Center for Security Information spokesman General Yahya said on Tuesday that units under Ninewa Ops Command had arrested 1 suspect in Al-Arij, northwest of Hammam Al-Alil city. It is unclear if this is part of the previous story. [Ghad]
Center for Security Information spokesman General Yahya said on Tuesday that units under Ninewa Ops Command had found an anti-tank mine in the area of Mullah Jassem, west of Tal Afar city, and the Al-Hussein Hospital in Tal Afar.
Another group searched the village of Qulabash, 4 miles west of Ayadhiya, and found 610 grenade launchers, 722 mortar shells, 60 “SPG-9” mortar caps, 42 other mortars of various types, 6 anti-armor rocket launchers, 6 explosives belts, 4 tank shells, 3 “Kornet”-type guided missiles, and 30 liters of glycerin. [Ghad]
A source in the National Security Service said that the Service had dismantled a Shia terrorist network called Junud Allah Al-Mulawayin, which had been planning to assassinate political, religious, and military figures in the southern provinces of Dhi Qar, Basra, and Qadisiya. The source claimed that the group had been taking orders from an unnamed “Gulf state” to create intra–sectarian (Shia vs. Shia) conflict. [Ghad]
DaeshDaily comment. This sounds like a significant story, but needs official verification.
An official from the Yazidi Rescue Office in Dahuk, Hussein Qa’idi, said on Monday that units from the Peshmerga and Asayesh (KRG intelligence and security service) had rescued 2 Yazidis from Sinjar—an 18-year-old kidnapped from the village of Tal Qasab, and a 14-year-old from the village of Solagh, both east of Sinjar city. He said that the two had been away from their families for 4 years. [BasNews]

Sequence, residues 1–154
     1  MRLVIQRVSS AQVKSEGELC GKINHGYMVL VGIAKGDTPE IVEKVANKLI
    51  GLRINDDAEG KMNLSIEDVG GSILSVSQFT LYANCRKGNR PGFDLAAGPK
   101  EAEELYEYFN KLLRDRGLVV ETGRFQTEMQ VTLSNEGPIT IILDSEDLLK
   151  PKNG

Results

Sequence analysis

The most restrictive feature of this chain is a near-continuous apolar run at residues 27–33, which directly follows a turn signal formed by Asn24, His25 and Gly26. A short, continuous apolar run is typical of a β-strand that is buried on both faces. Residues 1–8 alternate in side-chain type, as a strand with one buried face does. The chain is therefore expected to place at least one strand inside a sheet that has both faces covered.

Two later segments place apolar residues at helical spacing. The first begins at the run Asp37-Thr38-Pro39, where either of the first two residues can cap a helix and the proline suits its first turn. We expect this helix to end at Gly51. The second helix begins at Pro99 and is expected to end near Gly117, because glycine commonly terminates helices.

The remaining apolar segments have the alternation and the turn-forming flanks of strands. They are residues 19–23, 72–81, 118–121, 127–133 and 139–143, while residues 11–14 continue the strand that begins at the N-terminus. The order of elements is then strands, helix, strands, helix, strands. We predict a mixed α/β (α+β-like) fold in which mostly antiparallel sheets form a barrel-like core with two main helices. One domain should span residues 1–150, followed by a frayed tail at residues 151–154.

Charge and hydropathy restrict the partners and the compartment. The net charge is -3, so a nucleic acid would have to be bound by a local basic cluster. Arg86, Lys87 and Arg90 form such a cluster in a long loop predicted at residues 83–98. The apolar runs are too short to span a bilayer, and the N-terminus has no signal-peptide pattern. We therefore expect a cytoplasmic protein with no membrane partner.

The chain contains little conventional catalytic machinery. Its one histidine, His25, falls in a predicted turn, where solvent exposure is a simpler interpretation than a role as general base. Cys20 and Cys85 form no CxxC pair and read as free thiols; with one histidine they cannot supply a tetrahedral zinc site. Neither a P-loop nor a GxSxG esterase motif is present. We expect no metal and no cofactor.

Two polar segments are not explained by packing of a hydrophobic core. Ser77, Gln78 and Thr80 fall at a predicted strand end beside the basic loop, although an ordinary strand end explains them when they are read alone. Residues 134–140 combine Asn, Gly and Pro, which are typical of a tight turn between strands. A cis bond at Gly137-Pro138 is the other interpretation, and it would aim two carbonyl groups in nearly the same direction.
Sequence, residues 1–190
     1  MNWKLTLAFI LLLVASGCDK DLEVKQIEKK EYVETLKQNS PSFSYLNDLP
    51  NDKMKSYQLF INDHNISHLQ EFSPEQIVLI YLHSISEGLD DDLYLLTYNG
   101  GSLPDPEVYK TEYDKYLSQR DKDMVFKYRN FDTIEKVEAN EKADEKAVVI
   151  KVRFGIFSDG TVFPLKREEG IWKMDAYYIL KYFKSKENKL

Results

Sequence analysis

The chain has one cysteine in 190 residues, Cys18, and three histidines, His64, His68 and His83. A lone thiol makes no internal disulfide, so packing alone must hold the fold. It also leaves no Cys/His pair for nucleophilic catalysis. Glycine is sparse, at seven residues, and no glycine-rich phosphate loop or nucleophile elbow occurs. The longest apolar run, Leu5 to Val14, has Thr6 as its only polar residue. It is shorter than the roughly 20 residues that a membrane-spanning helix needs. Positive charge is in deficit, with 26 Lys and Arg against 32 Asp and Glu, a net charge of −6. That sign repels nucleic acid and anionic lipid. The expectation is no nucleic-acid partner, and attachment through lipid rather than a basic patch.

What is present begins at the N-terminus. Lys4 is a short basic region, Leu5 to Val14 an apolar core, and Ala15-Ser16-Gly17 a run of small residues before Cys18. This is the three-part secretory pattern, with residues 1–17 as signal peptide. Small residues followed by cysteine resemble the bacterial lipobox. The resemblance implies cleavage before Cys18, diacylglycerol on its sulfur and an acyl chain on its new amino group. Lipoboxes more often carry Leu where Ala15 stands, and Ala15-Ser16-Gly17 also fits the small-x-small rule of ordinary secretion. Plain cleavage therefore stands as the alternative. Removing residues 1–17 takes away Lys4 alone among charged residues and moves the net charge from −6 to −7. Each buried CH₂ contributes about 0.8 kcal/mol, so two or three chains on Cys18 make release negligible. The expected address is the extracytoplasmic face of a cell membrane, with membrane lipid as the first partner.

REPORTS FROM TURKEY
On Tuesday, the Defense Minister for Turkey, Nurettin Canikli, said that Turkish troops would stay in northern Iraqi Kurdistan until they had “stopped terrorism.” Canikli said in a statement that the Turkish armed forces had “neutralized” more than 500 fighters from the PKK in northern Iraq since the beginning of 2018. He added that military operations “will continue in a way that does not violate the territorial integrity of another country . . . until all terrorists are eliminated.” [Rudaw]
DaeshDaily comment. If you see a contradiction in the above statement, you are not alone. In fact, it is unlikely that the Turkish troops can just roll over the PKK fighters, who can melt into the terrain and resume fighting later. This means Turkey will be occupying parts of Iraqi Kurdistan indefinitely.
Turkish authorities arrested an Iraqi national on charges of “belonging to Daesh.” The arrest was made in Samsun, in northern Turkey. [Anadolu] [Xendan]
REPORTS FROM SYRIA
Russian official sources say Syria is giving priority to Russian companies in plans for the reconstruction of Syria. However, the process has not started yet. They say that economic activities face difficulties due to Western sanctions against both Syria and Russia. [Qasioun]
Saudi Arabia started talks with Arab tribal sheikhs in SDF-held areas of Syria, aiming to form an Arab force backed by Saudi Arabia. The objective is to create a balance between Kurdish and Arab forces in areas mainly inhabited by Arab populations, and to prepare for the anticipated US withdrawal from Syria. [Anadolu]
Secretary of Defense James Mattis says that the US will start implementing the “road map” in Manbij that was agreed upon with Turkey. Delegations from both countries are currently discussing the mechanisms of implementation. Joint patrols are one such mechanism, Mattis says. [ZamanAlwasl]